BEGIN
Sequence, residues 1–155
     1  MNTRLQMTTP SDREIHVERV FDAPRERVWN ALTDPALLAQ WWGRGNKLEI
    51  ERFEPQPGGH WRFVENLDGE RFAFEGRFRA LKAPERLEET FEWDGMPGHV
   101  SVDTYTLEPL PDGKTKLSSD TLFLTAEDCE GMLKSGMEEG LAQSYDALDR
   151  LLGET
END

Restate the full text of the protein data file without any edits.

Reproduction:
Sequence, residues 1–155
     1  MNTRLQMTTP SDREIHVERV FDAPRERVWN ALTDPALLAQ WWGRGNKLEI
    51  ERFEPQPGGH WRFVENLDGE RFAFEGRFRA LKAPERLEET FEWDGMPGHV
   101  SVDTYTLEPL PDGKTKLSSD TLFLTAEDCE GMLKSGMEEG LAQSYDALDR
   151  LLGET